The Missing Lost World: Jurassic Park Detail That Bothers Fans
Ah Jurassic Park. You can hear John Williams' resplendent theme music already, can't you? Well, after the wild success of the first film back in 1993, Michael Crichton, the author of the original book, was under pressure to deliver a second chapter of dino action. So in 1995, The Lost World arrived on bookshelves everywhere, with Steven Spielberg directing the movie adaptation, The Lost World: Jurassic Park, in 1997.
The story revolved around John Hammond's nephew taking over the nefarious company, InGen, intending to set up a small Jurassic Park in San Diego using genetically engineered dinosaurs that were hidden on a second island, Isla Sorna. However, it wasn't as well-received as the iconic first film, with Roger Ebert criticizing it for being "written on autopilot." Ouch — that's got to hurt more than a velociraptor bite. But it's easy to see what he means, with certain elements of the movie not making much sense aside from delivering fast-paced action sequences to recreate the magic from the first film.
One such moment toward the movie's finale — just before a T-Rex gets loose in the streets of San Diego — has confused fans for over two decades. How exactly did the entire crew of the boat die on the way to the city?
Maybe the T. Rex isn't the culprit
When InGen loaded the tranquilized T-Rex onto the cargo ship, it's surprising nobody stopped to wonder whether this was a recipe for disaster. Because lo and behold, the ship crashes into the docks and unleashes the prehistoric predator on the world. Then, the entire crew is found dead on the ship, with a severed hand still clutching the controls on the bridge. As a Reddit post pointed out, the T-Rex was locked away in a cage before the crash, and the dinosaur was so large that maneuvering around the ship while trying to munch the crew would be very difficult.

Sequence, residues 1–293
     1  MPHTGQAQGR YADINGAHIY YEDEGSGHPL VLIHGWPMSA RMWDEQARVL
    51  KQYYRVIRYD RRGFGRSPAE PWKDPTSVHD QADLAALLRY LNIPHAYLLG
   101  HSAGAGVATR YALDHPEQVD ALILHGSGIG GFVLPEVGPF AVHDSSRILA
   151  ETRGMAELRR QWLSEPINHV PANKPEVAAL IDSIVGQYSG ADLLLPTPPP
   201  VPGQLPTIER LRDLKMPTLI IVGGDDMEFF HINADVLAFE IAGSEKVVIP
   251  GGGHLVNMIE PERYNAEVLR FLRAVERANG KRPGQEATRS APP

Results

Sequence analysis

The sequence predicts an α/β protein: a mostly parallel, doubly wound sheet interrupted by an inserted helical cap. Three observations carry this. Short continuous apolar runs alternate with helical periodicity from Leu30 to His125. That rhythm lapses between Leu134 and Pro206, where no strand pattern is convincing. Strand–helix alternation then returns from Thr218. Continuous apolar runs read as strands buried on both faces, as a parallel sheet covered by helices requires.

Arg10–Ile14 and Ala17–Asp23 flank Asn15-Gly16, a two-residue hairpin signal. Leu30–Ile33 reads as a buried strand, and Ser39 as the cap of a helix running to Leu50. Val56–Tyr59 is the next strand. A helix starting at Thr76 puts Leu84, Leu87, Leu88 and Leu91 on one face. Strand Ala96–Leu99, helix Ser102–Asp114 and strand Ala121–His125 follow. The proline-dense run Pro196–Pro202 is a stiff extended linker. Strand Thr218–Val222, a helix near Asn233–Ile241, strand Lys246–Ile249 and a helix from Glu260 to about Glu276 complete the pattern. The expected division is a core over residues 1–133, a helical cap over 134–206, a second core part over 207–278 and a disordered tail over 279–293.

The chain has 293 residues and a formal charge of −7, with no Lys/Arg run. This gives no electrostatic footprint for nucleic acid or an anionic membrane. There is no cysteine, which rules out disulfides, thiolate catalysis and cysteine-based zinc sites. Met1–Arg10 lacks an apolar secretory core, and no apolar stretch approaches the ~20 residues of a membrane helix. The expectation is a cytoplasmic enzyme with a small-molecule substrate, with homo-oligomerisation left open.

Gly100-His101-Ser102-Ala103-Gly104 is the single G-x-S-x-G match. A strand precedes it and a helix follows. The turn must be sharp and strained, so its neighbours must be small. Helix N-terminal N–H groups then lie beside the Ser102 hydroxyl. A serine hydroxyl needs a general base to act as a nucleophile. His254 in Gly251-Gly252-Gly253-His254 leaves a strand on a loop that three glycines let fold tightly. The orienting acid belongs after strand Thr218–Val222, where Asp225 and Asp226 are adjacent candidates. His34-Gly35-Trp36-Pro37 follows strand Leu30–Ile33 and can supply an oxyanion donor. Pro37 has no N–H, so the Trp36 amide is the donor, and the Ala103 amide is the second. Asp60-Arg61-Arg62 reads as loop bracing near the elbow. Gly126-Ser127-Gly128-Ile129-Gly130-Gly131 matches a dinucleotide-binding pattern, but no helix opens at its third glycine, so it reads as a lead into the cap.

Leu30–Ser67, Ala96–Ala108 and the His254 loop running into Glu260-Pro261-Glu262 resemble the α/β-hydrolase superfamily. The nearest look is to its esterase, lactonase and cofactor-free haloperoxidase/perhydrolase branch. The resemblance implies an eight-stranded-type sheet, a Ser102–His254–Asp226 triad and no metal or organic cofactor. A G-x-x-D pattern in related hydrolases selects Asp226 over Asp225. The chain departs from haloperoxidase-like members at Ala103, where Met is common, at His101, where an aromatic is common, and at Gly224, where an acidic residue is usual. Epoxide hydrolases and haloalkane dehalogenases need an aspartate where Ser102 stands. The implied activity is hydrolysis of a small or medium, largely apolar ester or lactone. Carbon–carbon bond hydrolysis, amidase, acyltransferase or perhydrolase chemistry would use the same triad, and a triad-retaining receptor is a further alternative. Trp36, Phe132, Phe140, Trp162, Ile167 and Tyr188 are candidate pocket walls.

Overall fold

Many fans suggested that raptors attacked the boat before it left Isla Sorna, mainly because the T-Rex would've been too big to attack the bridge of the ship, leaving behind that dangling hand. But surely that would mean the vicious hunters would still be on board by the time the boat arrived in San Diego. And if there were a handful of velociraptors hunting civilians, that should've definitely stayed in the movie.
There's some debate online over whether footage left on the cutting room floor would've explicitly explained the death of the crew. But of all the deleted scenes seemingly confirmed from The Lost World, a raptor boat attack isn't one of them. Another theory suggests that John Hammond hired a team of mercenaries to assassinate the crew as part of InGen's coverup of the incident. But there's some serious narrative legwork to be done in making that convincing. How would the mercenaries escape the rampaging T-Rex? Whose idea was it to frame the dinosaurs for the killings? That's some heavy conjecture.
Or maybe it's just a simple scene meant to underscore the idea that the T-Rex got loose... It seems we'll never know.